Ryan Garko stuffed the record books during his time in Stanford, even picking up the 2003 Johnny Bench Award, but Hinch’s time in Stanford was simply remarkable. A three-time All-American and the 1995 and 1996 Conference Player of the Year, Hinch’s name still fills the Cardinal record books. He is seventh in batting average (.351), sixth in runs (219), fourth in hits (305), sixth in doubles (58), fifth in triples (15), and seventh in RBI (191). Hinch certainly left his mark, and while Stanford never captured a College World Series title during his tenure, he was able to claim his MLB World Series ring as skipper of the Houston Astros last year.
First base: Rick Lundblade (1982-85)
The Cardinal former, long-time skipper Mark Marquess makes a strong bid for this spot, as did David McCarty and his career .359 batting average and 1991 Golden Spikes finalist campaign. But Lundblade’s power numbers give him the edge. Lundblade’s 25 home runs in 1985 is still the single-season record for the Cardinal and his 42 career dingers rank fifth-best. Lundblade was also an RBI machine, his 92 in that same ’85 season still tied for the best in a single-season. His memorable 1985 season earned him Conference Player of the Year and All-American honors.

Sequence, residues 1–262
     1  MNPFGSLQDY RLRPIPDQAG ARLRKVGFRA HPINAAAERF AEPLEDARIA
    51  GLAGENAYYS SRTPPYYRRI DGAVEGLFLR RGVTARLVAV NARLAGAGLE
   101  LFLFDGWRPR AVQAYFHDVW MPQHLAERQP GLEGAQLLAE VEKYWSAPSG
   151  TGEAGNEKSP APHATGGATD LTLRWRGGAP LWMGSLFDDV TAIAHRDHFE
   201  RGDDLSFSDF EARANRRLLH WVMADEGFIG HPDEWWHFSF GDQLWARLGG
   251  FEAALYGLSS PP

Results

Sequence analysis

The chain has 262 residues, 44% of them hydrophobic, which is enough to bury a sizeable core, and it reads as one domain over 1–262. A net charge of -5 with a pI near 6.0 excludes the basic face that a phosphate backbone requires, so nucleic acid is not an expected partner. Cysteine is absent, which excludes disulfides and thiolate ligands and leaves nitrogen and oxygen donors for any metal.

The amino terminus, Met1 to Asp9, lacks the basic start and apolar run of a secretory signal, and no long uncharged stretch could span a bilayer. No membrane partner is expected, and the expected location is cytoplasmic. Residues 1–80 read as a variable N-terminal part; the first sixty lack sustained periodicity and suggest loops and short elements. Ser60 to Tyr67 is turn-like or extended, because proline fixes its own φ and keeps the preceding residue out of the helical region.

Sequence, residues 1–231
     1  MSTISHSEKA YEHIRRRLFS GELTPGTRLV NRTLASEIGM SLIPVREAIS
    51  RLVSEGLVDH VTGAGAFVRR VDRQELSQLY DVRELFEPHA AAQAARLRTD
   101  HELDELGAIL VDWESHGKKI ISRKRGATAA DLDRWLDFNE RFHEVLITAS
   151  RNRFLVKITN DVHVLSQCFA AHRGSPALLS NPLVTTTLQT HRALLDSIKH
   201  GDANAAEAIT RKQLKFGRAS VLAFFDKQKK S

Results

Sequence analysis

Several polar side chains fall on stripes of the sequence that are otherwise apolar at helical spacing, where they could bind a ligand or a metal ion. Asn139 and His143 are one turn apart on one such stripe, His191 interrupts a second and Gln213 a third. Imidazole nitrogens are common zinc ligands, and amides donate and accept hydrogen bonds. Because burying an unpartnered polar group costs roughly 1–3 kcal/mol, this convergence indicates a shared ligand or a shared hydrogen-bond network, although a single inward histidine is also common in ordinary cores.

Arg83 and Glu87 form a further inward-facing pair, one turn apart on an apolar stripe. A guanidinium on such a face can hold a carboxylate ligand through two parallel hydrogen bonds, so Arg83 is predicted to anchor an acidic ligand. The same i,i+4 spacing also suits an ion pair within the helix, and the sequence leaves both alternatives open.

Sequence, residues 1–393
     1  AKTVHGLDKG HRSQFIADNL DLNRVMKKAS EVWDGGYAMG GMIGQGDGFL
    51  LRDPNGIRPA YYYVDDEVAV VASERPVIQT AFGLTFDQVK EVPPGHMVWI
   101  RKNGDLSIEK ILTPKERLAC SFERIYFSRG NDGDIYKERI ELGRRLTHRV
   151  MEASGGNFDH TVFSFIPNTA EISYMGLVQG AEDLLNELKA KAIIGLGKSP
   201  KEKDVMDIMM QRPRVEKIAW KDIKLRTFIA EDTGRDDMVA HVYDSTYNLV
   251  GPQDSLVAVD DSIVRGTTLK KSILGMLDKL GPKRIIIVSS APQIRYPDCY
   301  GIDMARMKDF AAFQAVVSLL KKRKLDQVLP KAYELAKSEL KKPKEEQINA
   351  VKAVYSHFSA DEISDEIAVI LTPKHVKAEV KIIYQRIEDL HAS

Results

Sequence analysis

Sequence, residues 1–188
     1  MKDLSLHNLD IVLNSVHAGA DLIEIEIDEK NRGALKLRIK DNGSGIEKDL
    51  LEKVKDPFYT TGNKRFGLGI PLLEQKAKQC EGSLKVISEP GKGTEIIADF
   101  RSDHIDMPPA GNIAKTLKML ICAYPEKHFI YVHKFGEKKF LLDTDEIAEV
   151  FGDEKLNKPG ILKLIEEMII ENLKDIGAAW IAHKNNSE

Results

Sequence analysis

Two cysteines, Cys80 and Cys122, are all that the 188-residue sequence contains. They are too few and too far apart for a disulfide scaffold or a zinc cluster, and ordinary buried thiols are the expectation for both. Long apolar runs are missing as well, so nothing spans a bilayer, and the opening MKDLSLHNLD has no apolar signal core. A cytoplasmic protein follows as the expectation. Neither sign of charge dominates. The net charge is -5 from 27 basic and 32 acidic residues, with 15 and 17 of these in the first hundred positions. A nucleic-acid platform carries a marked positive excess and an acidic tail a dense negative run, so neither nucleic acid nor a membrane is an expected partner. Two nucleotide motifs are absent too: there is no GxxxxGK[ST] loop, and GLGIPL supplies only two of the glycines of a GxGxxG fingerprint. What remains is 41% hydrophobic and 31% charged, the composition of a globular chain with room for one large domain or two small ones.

Outfield: Paul Carey (1987-90)
The Cardinal all-time home run king is a must for this lineup. Carey’s 56 home runs are the most in Cardinal history, his 220 RBI are second overall, and his 66 doubles are third all-time making him one of Stanford’s great power hitters. The slugger was a two-time All-Conference selection and a member of the 1987 and 1988 national championship teams. Carey slugged 24 home runs and 31 doubles over those two seasons and was the first College World Series Most Outstanding Player in Stanford history.
Third base: Ed Sprague (1986-88)
There may be some better candidates for third base, but Sprague’s big bat was at the heart of back-to-back national championship teams. He led the team in home runs both years – 16 in 1987 and 22 in ’88 – as well as RBI, with 69 in ’87 and 81 in ’88. Sprague should be nicknamed Mr. Back-to-Back. Four years after winning consecutive national championships with the Cardinal, he won back-to-back World Series with the Toronto Blue Jays.